In another blow to residential lenders, the city of Los Angeles has passed an ordinance that will require the person that owns or is in control of certain residential real property to maintain the property in a safe and sanitary condition and in good repair. While one might logically expect that this ordinance would only apply to financial institutions once they have foreclosed upon the property or taken it back via a deed in lieu of foreclosure, the ordinance appears to go farther than that, requiring the financial institution to take responsibility for the condition of the property once a notice of default has been filed.
Effective July 8, the new ordinance requires lenders to register all residential real properties with the city (i) that have been through foreclosure and are now owned by the lender; (ii) that are currently "Properties in Foreclosure," which is defined to mean any property upon which a notice of default has been issued, or (iii) for which a notice of default is issued in the future. An annual registration fee of $155.00 must be paid to the Los Angeles Housing Department at the time of registration. As an alternative, the information required for registration of the property can be provided to the Mortgage Electronic Registration System (MERS), in which case no registration fee will be payable. It is anticipated that this registry will enable inspectors to easily identify owners (or lenders, if foreclosure has yet to occur) if a constituent calls to complain about the condition of a property.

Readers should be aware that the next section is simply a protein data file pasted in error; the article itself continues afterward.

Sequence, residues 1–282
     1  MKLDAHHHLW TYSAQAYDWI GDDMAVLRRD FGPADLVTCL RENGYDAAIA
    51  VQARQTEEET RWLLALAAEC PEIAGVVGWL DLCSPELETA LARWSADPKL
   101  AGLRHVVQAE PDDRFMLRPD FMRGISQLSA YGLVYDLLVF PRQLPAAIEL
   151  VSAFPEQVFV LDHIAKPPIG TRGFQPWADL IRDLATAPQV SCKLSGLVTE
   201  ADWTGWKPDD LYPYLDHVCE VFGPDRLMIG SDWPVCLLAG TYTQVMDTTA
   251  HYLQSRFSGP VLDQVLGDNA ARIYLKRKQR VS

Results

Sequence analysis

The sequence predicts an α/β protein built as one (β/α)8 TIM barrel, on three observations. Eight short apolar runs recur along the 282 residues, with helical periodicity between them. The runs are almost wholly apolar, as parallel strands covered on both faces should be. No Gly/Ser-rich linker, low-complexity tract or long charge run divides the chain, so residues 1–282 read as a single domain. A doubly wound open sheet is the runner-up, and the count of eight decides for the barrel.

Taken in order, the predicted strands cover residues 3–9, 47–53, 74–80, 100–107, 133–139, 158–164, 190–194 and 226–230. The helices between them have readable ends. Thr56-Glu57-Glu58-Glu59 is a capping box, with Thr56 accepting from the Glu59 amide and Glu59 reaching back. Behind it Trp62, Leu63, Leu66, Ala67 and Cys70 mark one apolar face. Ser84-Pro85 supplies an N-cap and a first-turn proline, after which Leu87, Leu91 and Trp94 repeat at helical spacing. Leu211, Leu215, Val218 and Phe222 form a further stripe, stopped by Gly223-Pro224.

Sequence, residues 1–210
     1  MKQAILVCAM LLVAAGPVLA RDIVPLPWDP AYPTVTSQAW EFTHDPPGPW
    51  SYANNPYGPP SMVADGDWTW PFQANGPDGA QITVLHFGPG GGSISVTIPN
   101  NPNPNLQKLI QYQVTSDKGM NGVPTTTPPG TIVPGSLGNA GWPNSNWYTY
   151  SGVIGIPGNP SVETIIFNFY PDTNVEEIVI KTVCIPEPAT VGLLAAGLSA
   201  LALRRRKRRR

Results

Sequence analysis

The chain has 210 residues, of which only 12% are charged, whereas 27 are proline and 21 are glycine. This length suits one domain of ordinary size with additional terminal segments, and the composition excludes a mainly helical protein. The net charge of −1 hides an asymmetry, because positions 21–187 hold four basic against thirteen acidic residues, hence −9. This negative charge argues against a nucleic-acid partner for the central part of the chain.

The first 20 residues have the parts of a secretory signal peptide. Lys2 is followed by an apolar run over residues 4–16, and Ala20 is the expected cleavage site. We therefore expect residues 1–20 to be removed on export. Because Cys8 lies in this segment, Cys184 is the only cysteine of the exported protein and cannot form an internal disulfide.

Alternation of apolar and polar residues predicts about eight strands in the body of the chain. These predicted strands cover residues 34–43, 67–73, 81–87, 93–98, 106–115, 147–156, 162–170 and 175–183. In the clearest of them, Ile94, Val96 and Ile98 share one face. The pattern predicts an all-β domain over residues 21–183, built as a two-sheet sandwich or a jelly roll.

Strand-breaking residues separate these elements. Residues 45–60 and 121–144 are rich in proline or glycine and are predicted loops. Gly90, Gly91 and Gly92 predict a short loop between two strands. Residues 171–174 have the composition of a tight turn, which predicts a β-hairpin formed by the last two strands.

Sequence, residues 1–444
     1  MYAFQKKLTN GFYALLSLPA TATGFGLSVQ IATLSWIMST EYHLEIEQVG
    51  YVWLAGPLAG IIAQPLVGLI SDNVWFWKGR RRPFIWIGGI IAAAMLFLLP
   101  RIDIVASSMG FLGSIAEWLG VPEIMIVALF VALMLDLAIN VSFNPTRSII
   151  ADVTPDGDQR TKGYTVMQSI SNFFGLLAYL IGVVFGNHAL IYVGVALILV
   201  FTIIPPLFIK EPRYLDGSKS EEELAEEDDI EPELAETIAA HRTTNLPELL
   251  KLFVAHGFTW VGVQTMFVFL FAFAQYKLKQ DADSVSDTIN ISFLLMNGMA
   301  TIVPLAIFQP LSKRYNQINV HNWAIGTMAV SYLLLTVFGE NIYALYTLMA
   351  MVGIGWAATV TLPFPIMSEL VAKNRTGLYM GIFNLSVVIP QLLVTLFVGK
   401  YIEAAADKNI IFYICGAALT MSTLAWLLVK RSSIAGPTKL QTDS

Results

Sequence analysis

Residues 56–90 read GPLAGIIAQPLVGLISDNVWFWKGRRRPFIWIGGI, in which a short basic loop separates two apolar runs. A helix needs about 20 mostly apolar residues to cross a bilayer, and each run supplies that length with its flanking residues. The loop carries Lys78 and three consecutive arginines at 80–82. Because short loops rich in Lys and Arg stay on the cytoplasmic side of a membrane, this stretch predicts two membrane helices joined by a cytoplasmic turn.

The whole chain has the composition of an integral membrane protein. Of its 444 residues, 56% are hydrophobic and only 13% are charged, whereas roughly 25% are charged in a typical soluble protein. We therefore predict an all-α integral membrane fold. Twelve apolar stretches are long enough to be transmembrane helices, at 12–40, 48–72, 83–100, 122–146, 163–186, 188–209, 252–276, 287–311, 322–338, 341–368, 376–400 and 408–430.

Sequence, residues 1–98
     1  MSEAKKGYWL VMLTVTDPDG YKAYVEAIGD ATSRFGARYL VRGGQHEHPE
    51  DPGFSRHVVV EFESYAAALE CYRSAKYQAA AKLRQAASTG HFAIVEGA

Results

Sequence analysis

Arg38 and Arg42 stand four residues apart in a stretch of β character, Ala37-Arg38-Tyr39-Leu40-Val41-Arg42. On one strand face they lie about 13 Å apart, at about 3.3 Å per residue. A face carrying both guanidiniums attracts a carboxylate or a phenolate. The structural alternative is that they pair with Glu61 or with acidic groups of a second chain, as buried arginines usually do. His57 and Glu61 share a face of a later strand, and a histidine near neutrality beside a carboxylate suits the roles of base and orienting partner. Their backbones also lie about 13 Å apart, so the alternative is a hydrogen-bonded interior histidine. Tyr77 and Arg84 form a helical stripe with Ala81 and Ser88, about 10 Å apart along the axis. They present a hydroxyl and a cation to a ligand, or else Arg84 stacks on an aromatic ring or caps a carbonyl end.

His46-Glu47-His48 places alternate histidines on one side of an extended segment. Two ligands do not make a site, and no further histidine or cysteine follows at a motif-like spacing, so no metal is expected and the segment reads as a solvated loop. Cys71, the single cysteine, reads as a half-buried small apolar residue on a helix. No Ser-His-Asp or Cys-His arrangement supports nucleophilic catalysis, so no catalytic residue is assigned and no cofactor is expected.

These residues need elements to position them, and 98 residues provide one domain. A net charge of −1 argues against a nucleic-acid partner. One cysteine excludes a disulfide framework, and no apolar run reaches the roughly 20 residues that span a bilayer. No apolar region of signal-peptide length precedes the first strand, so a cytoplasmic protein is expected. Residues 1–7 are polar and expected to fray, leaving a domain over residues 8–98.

Once a residential real property becomes a Property in Foreclosure, the beneficiary or trustee under the deed of trust on the property is required to inspect it, and reinspect it monthly until the default is remedied. Inspections are required to continue following foreclosure if title to the property is transferred to the beneficiary. The beneficiary/trustee is then required to maintain the property in a safe and sanitary condition and in good repair, in accordance with the requirements set forth in Section 91.8901 of the Los Angeles Municipal Code (although query how the beneficiary/trustee may legally do this if the borrower still owns the property, or how the beneficiary/trustee is supposed to obtain access to the property if the borrower continues to reside in the property pre-foreclosure).
If the property is found to be vacant (which is also defined to include occupied by an unauthorized person), even prior to completion of foreclosure, the beneficiary/trustee is then required to clean, fence and barricade the property. Failure to do so is a strict liability offense. If the property is determined to have been vacant for 30 consecutive calendar days, the owner or person in charge or control of the vacant structure may be liable for an administrative penalty of $1000 per structure per day, not to exceed $100,000 per property per calendar year.